FIG. 6 is a perspective view partly in section of the body fluid pressure indicator shown in FIG. 5 when subjected to abnormally high body fluid pressure. Referring first to FIGS. 1 and 2 there is shown the implantable body fluid pressure indicator 10 of this invention. The implantable body fluid pressure indicator 10 comprises a nonmetallic tubular fluid conduit 11 that is adapted to be connected to a body cavity or canal for receiving body fluid from the body cavity or canal and a distensible member comprising an elastic tubular sleeve 12 that fits around the tubular fluid conduit. The tubular fluid conduit 11 has holes '13 that extend through its wall that are located near the central portion of the fluid conduit for permitting fluid to pass through the conduit walls. The end sections 14 and 15 of the distensible tubular sleeve I2 are connected to the fluid conduit 11 to form a fluidtight seal at locations that are outside of the central portion of the fluid conduit that has the holes 13. The remaining portions of the elastic tubular sleeve 12 are not connected to the fluid conduit 11 and thus the central portion of the tubular sleeve located adjacent to the holes 13 is free to expand as illustrated in FIG. 2 and receive body fluid that is transmitted from the body cavity or canal through the fluid conduit if abnormally high body fluid pressure forces body fluid through the holes 13. Since the fluid pressure that is exerted against the elastic tubular sleeve 12 is balanced by the forces developed in the elastic tubular sleeve as it expands, these forces will cause the elastic tubular sleeve to resume its normal state illustrated in FIG. 1 when the body fluid pressure returns to its normal level.

An alternative implantable body fluid pressure indicator I6 is illustrated in FIGS. 3 and 4. The pressure indicator 16 has a distensible member 17 that comprises a cylindrical container 18 that has a closed bottom 18a and openings 19 and 20 is its cylindrical wall for receiving nonmetallic tubular fluid conduits 21 and 22 and that are connected to the cylindrical con-" tainer and are adapted to be connected to a body cavity or canal for receiving body fluid from the body cavity or canal. The member 17 that is connected to the fluid conduits 21 and 22 for receiving body fluid that is transmitted from the body cavity or canal through the fluid conduit also includes an elastic expandable membrane in the form of a disc 23 whose rim is attached to the rim 24 around the open end of the cylindrical container 18 so that the opening of the cylindrical container is covered by the elastic membrane disc. When body fluid under normal pressure is located in or is flowing through the tubular conduits 21 and 22 and the cylindrical container 18, the elastic expandable disc 23 lays flat across the top of the cylindrical container as illustrated in FIG. 3. However, when body fluid that is under abnormally high pressure is located in or is flowing through the tubular conduits 21 and 22 and the cylindrical container 18, the expandable disc 23 bulges out as indicated in FIG. 4. Since the expandable disc 23 is elastic the amount of bulging or deformation will increase as the body fluid pressure increases above its normal value and decreases as the body fluid pressure approaches its normal value.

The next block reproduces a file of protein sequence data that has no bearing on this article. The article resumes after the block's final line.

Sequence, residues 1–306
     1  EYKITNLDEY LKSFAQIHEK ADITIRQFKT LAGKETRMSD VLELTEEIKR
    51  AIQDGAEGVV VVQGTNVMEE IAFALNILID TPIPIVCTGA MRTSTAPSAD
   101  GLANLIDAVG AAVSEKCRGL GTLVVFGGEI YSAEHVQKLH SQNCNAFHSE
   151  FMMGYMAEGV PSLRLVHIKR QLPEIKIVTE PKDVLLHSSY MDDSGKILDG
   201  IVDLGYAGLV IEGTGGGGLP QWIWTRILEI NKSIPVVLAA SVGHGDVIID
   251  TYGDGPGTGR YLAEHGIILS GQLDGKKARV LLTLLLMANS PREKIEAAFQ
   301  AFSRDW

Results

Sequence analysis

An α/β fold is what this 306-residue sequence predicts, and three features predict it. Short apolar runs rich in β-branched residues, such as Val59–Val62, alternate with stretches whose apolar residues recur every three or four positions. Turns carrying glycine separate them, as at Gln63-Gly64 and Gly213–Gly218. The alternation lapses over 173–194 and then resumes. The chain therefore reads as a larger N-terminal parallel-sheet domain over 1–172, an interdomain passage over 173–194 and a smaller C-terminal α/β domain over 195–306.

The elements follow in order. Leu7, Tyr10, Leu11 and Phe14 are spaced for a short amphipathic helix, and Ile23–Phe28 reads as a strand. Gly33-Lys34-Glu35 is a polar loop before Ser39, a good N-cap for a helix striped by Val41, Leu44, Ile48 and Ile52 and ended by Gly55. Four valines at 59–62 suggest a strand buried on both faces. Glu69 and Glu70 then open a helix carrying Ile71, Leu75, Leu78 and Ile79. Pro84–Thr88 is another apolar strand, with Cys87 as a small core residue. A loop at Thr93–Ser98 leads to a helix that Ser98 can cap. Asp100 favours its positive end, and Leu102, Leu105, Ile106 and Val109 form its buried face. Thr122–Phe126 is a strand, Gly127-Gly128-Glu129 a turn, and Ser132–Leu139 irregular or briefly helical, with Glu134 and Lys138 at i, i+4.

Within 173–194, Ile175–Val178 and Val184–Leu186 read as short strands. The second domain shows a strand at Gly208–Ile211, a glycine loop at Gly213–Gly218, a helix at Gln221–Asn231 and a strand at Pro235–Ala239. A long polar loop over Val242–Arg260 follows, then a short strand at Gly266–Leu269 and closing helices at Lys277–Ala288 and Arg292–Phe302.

In FIGS. 5 and 6 an additional body fluid pressure indicator 25 is shown that includes a distensible member that comprises a hollow elastic bellows 26 that can expand and contract lengthwise. Tubular conduits 27 and 28 that are adapted to be connected to a body cavity or canal for receiving body fluid from the body cavity or canal are connected to the ends of the hollow elastic longitudinally expandable bellows 26 so that the expandable bellows receives body fluid that is transmitted from the body cavity or canal through the fluid conduits. Magneticallypermeable rings 29 and 30 are located around and connected to the ends of the elastic bellows 26 for permitting the distance between the permeable rings to be measured and thus the amount of expansion of the bellows from outside the body after the body fluid pressure indicator has been implanted within the body. When a body fluid under normal pressure is located in or is flowing through the tubular conduits 27 and 28 and the hollow elastic bellows 26 the bellows remains collapsed as illustrated in FIG. 5 and the distance between the permeable rings 28 and 30 is a fixed distance D. When a body fluid under abnormally high pressure is flowing through or is located in the tubular conduits 27 and 28 and the elastic bellows 26, the bellows expands lengthwise so that the distance between the magnetically permeable rings 29 and 30 is D+AD where the distance AD is due to the increase in body fluid pressure. Since AD varies in relation to the pressure within the elastic bellows 26 and since the magnetically permeable rings 29 and 30 permit AD to be measured by suitable equipment (not shown) located outside the body, the presence of abnormally high body pressure within the bellows can be readily detected and measured from outside the body after the pressure indicator 25 has been implanted.